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Legalization Status

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Decriminalized Since 1975

Medical Marijuana (1)

Medical since 2010

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Not Recreational

Ohio Governing Body Information


2019 Marijuana Packaging Laws Update

As Ohio settles into 2019, a new ballot to legalize marijuana in the Buckeye state may be in the works. A grassroots group started a campaign known as the Ohio Marijuana Legalization Initiative in early 2019. Proponents of the Initiative suggest that a constitutional amendment which would legalize marijuana could be on the ballot as soon as November 5th 2019. Although the Initiative has strong support from lawmakers, marijuana growers and retailers should not be too hasty in preparing for mass marijuana sales. It has been reported that certain police departments in Ohio will continue to make arrests even if the measure is approved in a November 2019 ballot. As recreational marijuana is not yet legal in Ohio, marijuana manufacturers and dispensaries are encouraged to continue checking this page for updates to Ohio’s marijuana labeling and marijuana packaging laws.

2018 Marijuana Packaging Laws Update

In 1975, the Buckeye State was the 6th state in the US to decriminalize possession of small amounts of cannabis for adults. Then it took Ohio exactly forty years to try again, this time with legislation that looked more like the recreational cannabis laws in other states like Colorado. This legislation was a little too much, and it was defeated. The very next year, in 2016, Ohio voters passed House Bill 523, which legalized medical cannabis.

The possession laws from 1975 are still on the books, and they’re some of the most liberal in the nation, allowing up to three and a half ounces (precisely 100 grams) for personal use. If a citizen is caught with more than that or even double that, a full 7 oz, they are only charged with misdemeanors and have low fines. Anything more, however, can incur hefty fines, criminal charges including felonies, and jail time of up to 8 years.

Proposed Medical Cannabis Laws in Ohio

The newly minted “Ohio Medical Marijuana Control Program will allow people with certain medical conditions, upon the recommendation of an Ohio-licensed physician certified by the State Medical Board, to purchase and use medical marijuana,” as stated by their official site. Modeled after other programs, Ohio will register patients with certain illnesses and conditions, issue identification cards for them, license cultivators and dispensaries, as well as establish testing sites to maintain purity. So far, the MMCP is a joint task force between three Ohio government agencies: the Board of Pharmacy, the State Medical Board, and the Department of Commerce.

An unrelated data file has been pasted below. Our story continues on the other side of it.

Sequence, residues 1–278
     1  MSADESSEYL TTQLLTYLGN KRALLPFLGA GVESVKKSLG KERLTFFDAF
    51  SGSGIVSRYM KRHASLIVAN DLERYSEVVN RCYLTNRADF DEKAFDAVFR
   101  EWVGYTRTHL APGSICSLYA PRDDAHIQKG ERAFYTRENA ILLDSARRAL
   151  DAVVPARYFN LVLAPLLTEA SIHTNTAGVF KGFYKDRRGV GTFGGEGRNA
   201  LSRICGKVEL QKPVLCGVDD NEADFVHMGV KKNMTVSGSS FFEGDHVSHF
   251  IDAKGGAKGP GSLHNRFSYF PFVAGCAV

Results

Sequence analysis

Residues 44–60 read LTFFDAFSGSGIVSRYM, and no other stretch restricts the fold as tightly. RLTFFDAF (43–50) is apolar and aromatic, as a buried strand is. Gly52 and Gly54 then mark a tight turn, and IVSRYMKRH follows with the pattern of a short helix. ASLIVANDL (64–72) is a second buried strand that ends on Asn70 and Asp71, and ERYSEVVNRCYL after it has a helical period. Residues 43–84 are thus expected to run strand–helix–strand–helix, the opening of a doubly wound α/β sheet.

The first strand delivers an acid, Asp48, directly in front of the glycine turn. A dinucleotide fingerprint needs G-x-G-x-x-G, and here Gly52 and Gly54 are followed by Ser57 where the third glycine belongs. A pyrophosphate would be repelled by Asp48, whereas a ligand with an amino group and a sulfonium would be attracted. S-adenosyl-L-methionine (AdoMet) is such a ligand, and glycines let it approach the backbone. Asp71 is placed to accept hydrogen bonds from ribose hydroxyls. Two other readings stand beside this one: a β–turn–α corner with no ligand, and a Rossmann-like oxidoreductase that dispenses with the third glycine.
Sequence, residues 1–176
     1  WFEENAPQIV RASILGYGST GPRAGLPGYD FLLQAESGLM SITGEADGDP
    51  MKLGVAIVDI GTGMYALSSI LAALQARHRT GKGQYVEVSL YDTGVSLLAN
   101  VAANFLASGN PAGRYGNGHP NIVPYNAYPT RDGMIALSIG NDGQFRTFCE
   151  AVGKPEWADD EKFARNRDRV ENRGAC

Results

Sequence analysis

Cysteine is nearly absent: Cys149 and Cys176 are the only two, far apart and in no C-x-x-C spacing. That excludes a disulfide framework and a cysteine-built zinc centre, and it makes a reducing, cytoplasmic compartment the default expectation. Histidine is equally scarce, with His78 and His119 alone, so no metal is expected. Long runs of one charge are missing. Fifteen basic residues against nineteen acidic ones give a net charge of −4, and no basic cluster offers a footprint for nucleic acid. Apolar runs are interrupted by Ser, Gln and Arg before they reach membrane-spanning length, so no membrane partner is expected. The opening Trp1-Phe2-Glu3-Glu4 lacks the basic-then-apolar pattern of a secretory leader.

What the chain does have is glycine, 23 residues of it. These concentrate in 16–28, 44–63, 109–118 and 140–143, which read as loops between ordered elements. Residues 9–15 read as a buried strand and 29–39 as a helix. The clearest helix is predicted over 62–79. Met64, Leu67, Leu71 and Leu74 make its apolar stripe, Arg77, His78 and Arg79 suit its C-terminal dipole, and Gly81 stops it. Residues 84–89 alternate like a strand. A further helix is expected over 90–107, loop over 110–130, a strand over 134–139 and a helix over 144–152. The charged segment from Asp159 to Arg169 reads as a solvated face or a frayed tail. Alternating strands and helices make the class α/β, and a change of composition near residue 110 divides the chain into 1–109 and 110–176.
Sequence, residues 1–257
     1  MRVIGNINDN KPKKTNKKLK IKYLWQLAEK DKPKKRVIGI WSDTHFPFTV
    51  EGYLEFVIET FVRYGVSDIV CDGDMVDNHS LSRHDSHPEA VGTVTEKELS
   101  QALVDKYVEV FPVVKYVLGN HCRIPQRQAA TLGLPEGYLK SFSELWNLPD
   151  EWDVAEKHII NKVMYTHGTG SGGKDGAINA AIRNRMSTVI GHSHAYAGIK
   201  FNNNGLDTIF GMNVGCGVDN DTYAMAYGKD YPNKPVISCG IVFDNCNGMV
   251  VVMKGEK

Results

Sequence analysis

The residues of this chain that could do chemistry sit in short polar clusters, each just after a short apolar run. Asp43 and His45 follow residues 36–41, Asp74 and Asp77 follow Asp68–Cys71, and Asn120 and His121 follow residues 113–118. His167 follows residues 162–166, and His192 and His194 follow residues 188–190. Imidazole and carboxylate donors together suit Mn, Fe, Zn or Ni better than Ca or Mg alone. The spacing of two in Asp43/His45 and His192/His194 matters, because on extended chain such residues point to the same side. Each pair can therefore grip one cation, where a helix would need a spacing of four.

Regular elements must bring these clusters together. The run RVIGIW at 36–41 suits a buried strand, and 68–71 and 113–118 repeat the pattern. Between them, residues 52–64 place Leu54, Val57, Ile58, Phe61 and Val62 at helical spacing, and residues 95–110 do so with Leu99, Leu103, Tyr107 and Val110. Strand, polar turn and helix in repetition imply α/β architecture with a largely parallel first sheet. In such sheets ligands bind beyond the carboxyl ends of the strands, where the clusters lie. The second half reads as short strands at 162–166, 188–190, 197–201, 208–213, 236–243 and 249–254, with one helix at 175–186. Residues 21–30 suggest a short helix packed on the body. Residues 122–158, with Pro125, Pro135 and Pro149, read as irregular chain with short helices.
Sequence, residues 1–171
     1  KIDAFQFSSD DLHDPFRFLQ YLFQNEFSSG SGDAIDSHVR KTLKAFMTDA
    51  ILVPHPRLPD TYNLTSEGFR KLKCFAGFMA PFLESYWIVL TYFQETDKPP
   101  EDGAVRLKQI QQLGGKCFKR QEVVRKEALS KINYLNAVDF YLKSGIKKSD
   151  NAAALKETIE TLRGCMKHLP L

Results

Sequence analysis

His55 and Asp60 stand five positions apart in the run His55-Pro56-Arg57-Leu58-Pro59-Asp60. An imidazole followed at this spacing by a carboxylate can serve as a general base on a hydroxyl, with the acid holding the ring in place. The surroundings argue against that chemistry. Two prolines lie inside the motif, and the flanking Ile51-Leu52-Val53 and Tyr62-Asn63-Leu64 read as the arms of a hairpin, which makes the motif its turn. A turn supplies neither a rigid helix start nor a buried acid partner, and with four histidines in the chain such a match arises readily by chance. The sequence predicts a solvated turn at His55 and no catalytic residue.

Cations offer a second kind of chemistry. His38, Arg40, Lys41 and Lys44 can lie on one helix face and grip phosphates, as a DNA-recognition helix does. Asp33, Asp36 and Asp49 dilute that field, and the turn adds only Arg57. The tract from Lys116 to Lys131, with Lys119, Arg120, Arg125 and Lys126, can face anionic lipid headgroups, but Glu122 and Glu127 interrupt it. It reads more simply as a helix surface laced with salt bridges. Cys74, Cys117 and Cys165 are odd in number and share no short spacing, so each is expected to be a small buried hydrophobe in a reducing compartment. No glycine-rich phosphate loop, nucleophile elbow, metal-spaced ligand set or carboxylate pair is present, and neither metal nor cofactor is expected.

Proposed Ohio Cannabis Business Rules

The Ohio Board of Pharmacy will be issuing certificates of operation after an application process. Dispensaries will be subject to the usual rules about placement, but Ohio is ahead of the game by already setting out specific packaging laws ahead of time. These include tamper resistant packaging for delivery to and from dispensaries, processors, and cultivators. Packaging intended for point of sale should contain labels with the same warnings as other states about the contents, safety, as well as be child proof.

2017 Marijuana Packaging Laws Update

Many states still follow US Federal guidelines for cannabis, classifying it as an illegal drug with no medicinal value and addictive qualities. Ohio is one of those states, considering cannabis as a Schedule I narcotic. A Schedule 1 narcotic is a drug with “no health benefits and a high potential for abuse.” The “no health benefits” part of that statement is what most cannabis activists are trying to challenge. Despite that, individuals can still face charges if they’re in possession of cannabis, and legal consequences can be more severe if the amount of cannabis is over what is considered enough for “personal use.”

Current Medical Cannabis Laws

Lawmakers in many states, including the Buckeye State, are still working with lobbyists, scientists, and law enforcement to decide on the question of legal cannabis in the state. The question may also be put to voters to decide, depending on the state laws. Many states begin the path toward legalizing cannabis by relaxing possession laws, so you should check with Ohio state government  to see current laws and regulations regarding cannabis dispensaries in the state.

Current Cannabis Research

Scientists have been studying the chemicals that create the physical and mental effects of cannabis, called cannabinoids. They have isolated the chemical (THC) that causes the mental impairment, intoxication, and occasional anxiety many experience with cannabis use. The other major chemical is cannabidiol, or CBD. While THC is illegal in all states, the legality of CBD varies state by state.

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